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Why are all these Fianna Fáil-ers making a comeback?

Analysis: Fianna Fáil wants to blood new candidates but is also relying on the old guard in some constituencies.

FF comeback kids Mary Hanafin, Conor Lenihan, John Curran and Seán Haughey could all be back in the Dáil next year

FOUR YEARS AGO, Fianna Fáil lost over 50 Dáil seats in an unprecedented general election wipeout that brought an end to many long political careers.

TDs all over the country bore the brunt of voters’ anger at the collapse of the economy. Conor Lenihan was one of those deputies who lost his seat, in Dublin South-West, but he’s now among quite a few who could be on the verge of an unlikely comeback.

Lenihan is considering whether to put his name forward for the party’s nomination in the new three-seat Roscommon-Galway constituency. His father Brian Lenihan senior was a TD for Roscommon in the 1960s prior to moving his political base to Dublin West.

The Lenihan name carries some weight in the constituency but whether it’s enough to convince local party members that the former minister is worthy of the nomination is another thing.

Lenihan said this morning he is gauging party interest. If there isn’t enough it’s pretty likely he will not stand. But expect him to keep us guessing for a few weeks yet.

All across the country former Fianna Fail ministers are finding that the hostility and anger they faced on the doorsteps four years ago has largely gone.

At that time many deputies were forced to contend with national anger at how the country had gone from economic boom to bust and into a humiliating international bailout programme.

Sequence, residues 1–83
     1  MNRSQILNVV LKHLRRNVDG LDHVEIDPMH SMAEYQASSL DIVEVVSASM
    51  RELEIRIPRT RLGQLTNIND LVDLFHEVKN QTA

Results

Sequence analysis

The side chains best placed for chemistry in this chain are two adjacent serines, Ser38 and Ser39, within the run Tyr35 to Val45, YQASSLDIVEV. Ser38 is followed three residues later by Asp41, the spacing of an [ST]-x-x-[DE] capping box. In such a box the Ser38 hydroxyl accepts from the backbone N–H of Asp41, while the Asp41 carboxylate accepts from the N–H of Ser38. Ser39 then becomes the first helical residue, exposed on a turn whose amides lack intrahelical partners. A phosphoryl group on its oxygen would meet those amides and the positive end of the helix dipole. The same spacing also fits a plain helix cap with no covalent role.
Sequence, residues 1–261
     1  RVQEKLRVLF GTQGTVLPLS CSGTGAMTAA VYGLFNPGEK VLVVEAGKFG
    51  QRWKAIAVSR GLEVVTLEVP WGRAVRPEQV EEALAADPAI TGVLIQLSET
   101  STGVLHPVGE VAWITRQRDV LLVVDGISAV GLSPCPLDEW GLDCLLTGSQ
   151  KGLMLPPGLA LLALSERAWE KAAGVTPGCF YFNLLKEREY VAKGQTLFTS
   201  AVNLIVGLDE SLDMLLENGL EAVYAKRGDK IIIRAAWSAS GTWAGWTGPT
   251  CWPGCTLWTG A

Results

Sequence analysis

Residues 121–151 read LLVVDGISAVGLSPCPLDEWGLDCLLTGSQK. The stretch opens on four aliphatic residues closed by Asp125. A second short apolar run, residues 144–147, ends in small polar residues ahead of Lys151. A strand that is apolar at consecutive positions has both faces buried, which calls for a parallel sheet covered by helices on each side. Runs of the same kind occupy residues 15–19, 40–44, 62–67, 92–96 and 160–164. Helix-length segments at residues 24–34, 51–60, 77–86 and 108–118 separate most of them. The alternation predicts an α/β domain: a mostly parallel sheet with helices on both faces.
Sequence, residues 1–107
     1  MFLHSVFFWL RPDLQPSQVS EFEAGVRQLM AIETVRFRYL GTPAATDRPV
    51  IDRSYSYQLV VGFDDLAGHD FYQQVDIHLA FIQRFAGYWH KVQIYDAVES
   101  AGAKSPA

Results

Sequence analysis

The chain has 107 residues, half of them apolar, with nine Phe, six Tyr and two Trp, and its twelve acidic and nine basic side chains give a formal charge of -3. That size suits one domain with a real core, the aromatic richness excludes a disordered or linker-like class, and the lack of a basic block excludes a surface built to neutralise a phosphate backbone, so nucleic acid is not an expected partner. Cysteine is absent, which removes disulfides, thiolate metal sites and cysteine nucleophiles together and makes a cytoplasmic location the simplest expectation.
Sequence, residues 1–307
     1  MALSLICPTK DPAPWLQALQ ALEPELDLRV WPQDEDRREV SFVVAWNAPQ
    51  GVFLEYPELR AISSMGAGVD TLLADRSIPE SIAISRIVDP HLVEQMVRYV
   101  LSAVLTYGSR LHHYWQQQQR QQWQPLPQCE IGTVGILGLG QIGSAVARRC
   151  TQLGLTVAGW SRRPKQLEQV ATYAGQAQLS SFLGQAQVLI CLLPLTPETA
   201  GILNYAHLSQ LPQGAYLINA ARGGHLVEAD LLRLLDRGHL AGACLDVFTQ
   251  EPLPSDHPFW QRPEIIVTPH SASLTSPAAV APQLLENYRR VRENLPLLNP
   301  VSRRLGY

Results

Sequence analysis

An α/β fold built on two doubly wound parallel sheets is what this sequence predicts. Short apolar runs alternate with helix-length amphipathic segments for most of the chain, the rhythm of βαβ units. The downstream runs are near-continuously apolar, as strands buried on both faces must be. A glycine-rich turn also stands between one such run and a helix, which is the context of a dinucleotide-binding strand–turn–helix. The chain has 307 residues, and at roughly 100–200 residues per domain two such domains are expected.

This eclipsed a lot of the good work many a Fianna Fáil TD had been doing locally for years, making sure the potholes were filled, the medical cards were got and the school was built. Very few ‘good constituency TDs’ were saved from the mass FF wipeout.

Four years on and many of the Fianna Fáil voters who, in the words of Phil Hogan, lent their vote to Fine Gael in 2011 may be considering giving them back to the Soldiers of Destiny.

This benefits some of those who’ve maintained their profile in their constituencies over the last few years and are now seeking a Dáil return.

One of those is Pat The Cope Gallagher, who lost his MEP seat last year but yesterday put his name in the ring for the party nomination in Donegal. Many local observers say the former junior minister represents the party’s best-chance of a seat in the redrawn five-seater.


In Dublin Mid-West, former government chief whip John Curran emerged from the shadows to take the Fianna Fáil nomination and has a fighting chance of taking a seat there.

As you’ve probably heard, Mary Hanafin is seeking the party’s nomination in Dún Laoghaire. Private polling indicates she represents the party’s best chance of winning a seat. But the former education minister may struggle to win the nomination and if she were added to a two-person ticket it could dilute the Fianna Fáil vote.

Former junior minister Seán Haughey is waiting to hear if he will be added to the party ticket in Dublin Bay North where he was pipped to the nomination by local councillor Deirdre Heney with just a handful of votes in it. Again, private polling indicates he would have the best chance of a seat.

Pat The Cope was an MEP from 2009 to 2014 and never had to bear the brunt of voters’ anger in 2011. He is considered an extremely hard-working and effective politician in Donegal. In an interview on Highland Radio on Monday he delivered a lengthy list of issues he’d be campaigning on from mortgage distress to broadband.

Elsewhere, the likes of Hanafin and Haughey have strong historic Finana Fáil links and stand to capitalise on what many believe is a slow but steady drift of voters back to the party.

It isn’t all plain-sailing for former FFers plotting a comeback though. Former minister Martin Mansergh failed to secure the party’s nomination in Tipperary earlier in the summer. While the likes of former tánaiste Mary Coughlan and former ceann comhairle John O’Donoghue have flirted with the idea of a comeback but now appear likely to sit this one out.

But it seems being part of the last government is no barrier to political resurrection. Whether any or all of those making a comeback will be part of the 32nd Dáil remains to be seen.

Read: Conor Lenihan is Fianna Fáil’s latest comeback kid

Read: Can Fianna Fáil ‘Cope’ with this ex-minister’s comeback?

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